The overuse of ANA testing is a major problem worldwide. This is partly due to the nature of the test; with titers such as 1:160, the number of false positives are reduced to around 5%, but the possibility for false-negatives increase; the opposite is also true with titers such as 1:40, at which almost 30% of the population are assumed to have a positive result [1-3, 10-13]. Some authors have suggested that positive results at 1:40 titer should be reported in order to identify as many ARD patients as possible . However, this approach increases the number of false-positive results; thus, the clinician should order ANA tests only when there exists a strong suspicion for ARDs and therefore, may confirm or rule-out the diagnosis. A study by Malleson et al. showed that, in their center, 41% of ANA tests in children without rheumatic diseases had "positive" results at a titer of 1:20 . This shows the importance of detailed physical examination and thorough medical history prior to ANA testing.
Antinuclear antibody testing should be used as a diagnostic test only when diagnoses of SLE, MCTD and overlap syndromes are considered. In children with signs and symptoms consistent with these ARDs, the ANA test result would almost always be positive [14
]. The findings of our study also suggest that, when the signs and symptoms of patients causes the clinician to consider ARDs as probable diagnosis, positive ANA test results can be used to confirm diagnosis.
Various studies show ANA positivity to be relatively frequent in the healthy population [14
]. Among children, 2-15% have positive ANA, especially with low titers [16
]. Therefore, ANA testing should not be used as a screening tool for ARDs in the pediatric setting. However, if it is requested and there is no sign of a systemic disease and the medical history and examination of the child does not suggest ARDs, then positive ANA results in low titers should be considered irrelevant. While ANA positivity has a very high sensitivity for SLE, MCTD and overlap syndromes (as high as 98%), its positive predictive value is very low (10%) [4
]. Similar to the literature, we found the positive predictive value of ANA positivity as 13% for SLE in our study. Furthermore, none of the patients with titers lower than 1:160 had an ultimate diagnosis of ARDs.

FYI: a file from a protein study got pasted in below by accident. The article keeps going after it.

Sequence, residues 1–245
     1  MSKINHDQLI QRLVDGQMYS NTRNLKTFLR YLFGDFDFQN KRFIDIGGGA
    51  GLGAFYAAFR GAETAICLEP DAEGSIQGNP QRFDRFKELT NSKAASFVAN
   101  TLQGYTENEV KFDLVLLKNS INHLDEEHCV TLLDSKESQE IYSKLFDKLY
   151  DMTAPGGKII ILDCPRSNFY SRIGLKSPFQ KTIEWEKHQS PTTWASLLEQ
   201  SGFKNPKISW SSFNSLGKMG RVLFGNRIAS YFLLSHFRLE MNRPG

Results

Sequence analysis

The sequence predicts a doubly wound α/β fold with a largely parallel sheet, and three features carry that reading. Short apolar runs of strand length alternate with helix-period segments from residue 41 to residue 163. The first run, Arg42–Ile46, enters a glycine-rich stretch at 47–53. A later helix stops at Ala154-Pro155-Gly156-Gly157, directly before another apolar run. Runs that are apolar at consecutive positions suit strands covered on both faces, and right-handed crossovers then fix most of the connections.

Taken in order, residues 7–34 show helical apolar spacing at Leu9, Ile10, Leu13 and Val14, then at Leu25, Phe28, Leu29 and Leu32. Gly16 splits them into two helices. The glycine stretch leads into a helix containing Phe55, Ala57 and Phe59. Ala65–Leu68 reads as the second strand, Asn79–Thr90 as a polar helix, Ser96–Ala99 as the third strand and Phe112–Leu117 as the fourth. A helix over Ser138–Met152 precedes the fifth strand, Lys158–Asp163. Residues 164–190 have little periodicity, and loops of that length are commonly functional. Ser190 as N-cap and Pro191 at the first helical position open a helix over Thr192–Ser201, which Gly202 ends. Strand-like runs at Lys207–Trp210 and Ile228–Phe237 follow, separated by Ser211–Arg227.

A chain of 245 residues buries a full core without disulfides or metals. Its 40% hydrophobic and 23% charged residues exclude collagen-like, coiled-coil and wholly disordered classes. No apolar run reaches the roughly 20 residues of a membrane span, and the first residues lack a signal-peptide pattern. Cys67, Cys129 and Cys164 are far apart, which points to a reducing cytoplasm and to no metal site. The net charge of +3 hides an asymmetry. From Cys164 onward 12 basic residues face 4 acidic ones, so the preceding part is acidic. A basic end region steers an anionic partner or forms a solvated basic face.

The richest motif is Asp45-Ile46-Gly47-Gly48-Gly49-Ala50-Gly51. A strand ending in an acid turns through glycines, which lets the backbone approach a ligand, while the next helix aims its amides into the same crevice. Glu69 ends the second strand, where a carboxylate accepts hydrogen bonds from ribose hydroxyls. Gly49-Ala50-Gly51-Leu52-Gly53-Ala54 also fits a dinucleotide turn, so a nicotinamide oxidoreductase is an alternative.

A positive ANA test may indicate the presence of an immune disfunction; however, this situation rarely causes a disease [20
]. According to a study performed in a pediatric rheumatology clinic, only 55% of the subjects who had a positive ANA test had an inflammatory rheumatic disease [21
]. This rate was relatively lower in our study (28%). However, this may be explained by the inclusion of data from the general pediatrics clinic in addition to the pediatric rheumatology clinic. According to a study in which the clinical use of ANA was investigated, Among 110 subjects with a positive ANA test, 10 had SLE, 18 had JIA, 1 had MCTD, and another patient had Raynaud phenomenon [20
]. In our study, 113 patients had positive ANA test results and the distribution of diagnoses were as follows: 15 SLE, 10 JIA, 3 Raynaud phenomenon, 2 Sjogren's syndrome and 1 polymyositis.
Besides the increase in referrals and economical loss caused by the overuse of ANA testing, false-positive results often lead to further follow-up testing, patient/caretaker anxiety, and even misdiagnoses and improper treatments. Narain et al
], in their study comprised of 137 patients with a positive ANA test without a systemic illness, found that 39 had been treated with prednisone at doses as high as 60 mg per day.
Raynaud's phenomenon may develop secondarily to SLE, scleroderma and rheumatoid arthritis (RA) in 19% of the patients [23
]. This probability increases to 30% if the ANA test is positive and decreases to 7% if the test is negative [24